Identifying misconduct in financial markets

Held on Monday, October 8, 2018, 12.30-2.15pm.

With support from Norton Rose Fulbright


  • Gerry Harvey (FMSB)

  • Wendy Jephson (Nasdaq)

  • Peter Snowdon (Norton Rose Fulbright)



All told, the regulatory fines imposed on banks for rigging LIBOR reached $9 billion.

While the scale of the market manipulation – and the fines – were unprecedented, the techniques used to collude and distort prices were nothing new. In the joint Fair and Effective Markets Review that followed the scandal, the BoE, FCA and HMT charged the industry to better identify the causes and symptoms of misconduct, and to reinforce the “collective memory” of the markets to reduce future malfeasance.

In July this year, the FICC Markets Standards Board responded with its ‘Behavioural Cluster Analysis’ report. The work – which draws on 390 cases of malpractice across 26 different regulatory regimes – is comprehensive and important. Chief among its findings is that there is “nothing new under the sun”: a core group of abusive techniques has been used to fleece investors and market participants for over two hundred years.

We are, therefore, delighted that Gerry Harvey, Chief Executive of the FMSB, has agreed to talk us through the main findings of the report, and what they mean for the industry. Gerry is a former group head of compliance for ICAP, and has held senior market risk positions at RBS, Nikko, LIFFE, and NatWest.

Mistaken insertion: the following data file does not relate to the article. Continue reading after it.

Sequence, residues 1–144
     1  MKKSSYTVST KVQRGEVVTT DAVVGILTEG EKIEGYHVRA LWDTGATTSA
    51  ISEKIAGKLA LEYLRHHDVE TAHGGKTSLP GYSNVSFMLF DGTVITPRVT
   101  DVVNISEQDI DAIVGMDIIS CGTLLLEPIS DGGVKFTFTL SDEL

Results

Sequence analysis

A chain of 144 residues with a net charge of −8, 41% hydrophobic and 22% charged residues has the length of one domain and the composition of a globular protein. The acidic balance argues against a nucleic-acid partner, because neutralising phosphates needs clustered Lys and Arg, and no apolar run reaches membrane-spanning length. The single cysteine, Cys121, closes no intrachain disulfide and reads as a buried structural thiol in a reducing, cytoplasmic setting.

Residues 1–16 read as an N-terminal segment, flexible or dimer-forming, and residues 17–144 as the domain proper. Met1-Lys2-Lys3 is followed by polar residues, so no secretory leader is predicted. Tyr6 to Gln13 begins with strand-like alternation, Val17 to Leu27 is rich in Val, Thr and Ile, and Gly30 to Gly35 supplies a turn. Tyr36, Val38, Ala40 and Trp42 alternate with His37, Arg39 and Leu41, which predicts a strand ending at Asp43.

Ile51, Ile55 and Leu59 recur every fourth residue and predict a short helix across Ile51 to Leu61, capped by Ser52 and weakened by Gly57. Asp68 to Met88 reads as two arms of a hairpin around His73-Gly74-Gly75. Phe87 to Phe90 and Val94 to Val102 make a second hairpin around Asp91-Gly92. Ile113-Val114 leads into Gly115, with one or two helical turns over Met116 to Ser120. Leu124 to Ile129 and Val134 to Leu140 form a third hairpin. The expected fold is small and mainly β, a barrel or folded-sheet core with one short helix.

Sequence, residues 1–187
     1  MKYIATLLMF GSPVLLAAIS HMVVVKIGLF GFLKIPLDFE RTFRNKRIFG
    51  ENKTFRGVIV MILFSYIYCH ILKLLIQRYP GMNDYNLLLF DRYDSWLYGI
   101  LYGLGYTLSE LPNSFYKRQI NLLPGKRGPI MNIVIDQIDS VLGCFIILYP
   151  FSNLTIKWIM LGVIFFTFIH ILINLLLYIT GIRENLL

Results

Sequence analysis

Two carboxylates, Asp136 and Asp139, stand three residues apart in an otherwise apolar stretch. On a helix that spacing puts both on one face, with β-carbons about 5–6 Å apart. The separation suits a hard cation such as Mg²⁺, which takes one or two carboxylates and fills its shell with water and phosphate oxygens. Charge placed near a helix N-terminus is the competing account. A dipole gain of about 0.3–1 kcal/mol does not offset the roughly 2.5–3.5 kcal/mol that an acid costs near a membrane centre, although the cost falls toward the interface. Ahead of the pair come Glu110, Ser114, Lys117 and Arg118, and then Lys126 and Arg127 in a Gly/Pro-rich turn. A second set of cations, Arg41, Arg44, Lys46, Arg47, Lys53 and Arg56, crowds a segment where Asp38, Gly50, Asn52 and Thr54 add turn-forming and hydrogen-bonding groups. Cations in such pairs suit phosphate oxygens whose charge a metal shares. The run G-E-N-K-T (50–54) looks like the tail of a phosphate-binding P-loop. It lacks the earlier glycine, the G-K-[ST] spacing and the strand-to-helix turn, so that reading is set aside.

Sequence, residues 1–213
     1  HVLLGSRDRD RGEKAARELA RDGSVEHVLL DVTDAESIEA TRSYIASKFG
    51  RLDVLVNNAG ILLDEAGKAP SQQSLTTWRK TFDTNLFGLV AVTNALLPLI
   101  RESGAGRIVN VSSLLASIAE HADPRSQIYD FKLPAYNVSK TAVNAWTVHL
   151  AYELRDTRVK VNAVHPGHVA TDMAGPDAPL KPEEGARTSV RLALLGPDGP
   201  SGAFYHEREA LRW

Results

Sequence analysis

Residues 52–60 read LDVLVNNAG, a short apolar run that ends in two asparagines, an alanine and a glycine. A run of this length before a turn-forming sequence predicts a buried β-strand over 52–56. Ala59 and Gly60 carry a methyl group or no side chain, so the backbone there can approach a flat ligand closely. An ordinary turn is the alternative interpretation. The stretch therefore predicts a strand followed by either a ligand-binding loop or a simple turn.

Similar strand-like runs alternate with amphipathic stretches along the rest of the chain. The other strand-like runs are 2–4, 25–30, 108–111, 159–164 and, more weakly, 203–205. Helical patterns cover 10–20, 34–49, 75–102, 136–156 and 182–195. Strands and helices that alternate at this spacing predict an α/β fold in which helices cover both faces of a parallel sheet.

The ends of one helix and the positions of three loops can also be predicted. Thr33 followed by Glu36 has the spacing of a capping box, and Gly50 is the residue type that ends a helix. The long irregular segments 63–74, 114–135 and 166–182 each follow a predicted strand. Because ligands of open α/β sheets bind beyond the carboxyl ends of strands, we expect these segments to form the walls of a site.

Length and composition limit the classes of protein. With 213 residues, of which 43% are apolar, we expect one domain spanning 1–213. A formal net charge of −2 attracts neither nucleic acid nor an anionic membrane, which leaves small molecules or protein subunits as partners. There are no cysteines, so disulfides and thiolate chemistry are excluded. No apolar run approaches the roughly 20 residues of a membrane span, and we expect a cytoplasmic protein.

How can the industry prevent each generation from re-learning the misbehaviours of its predecessors? And how can compliance officers keep up as technology gives bad’uns a constant stream of new tools with which to practice old tricks? Joining us to discuss the issues will be:

  • Wendy Jephson, head of behavioural science at Nasdaq. Wendy is qualified solicitor and behavioural scientist, and the co-founder of regtech firm Sybenetix (which was acquired by Nasdaq in September last year).

  • Peter Snowdon, a consultant in the financial services practice at Norton Rose Fulbright, and the author of the money laundering chapter of Financial Services Law. Prior to joining the firm, he was part of the general counsel's office at the FSA.

If you would like to join us (and, perhaps, add your own thoughts), please let us know by emailing or by calling the CSFI on 0207-621-1056. As usual, wine and sandwiches will be provided.

Sincerely yours,

Andrew Hilton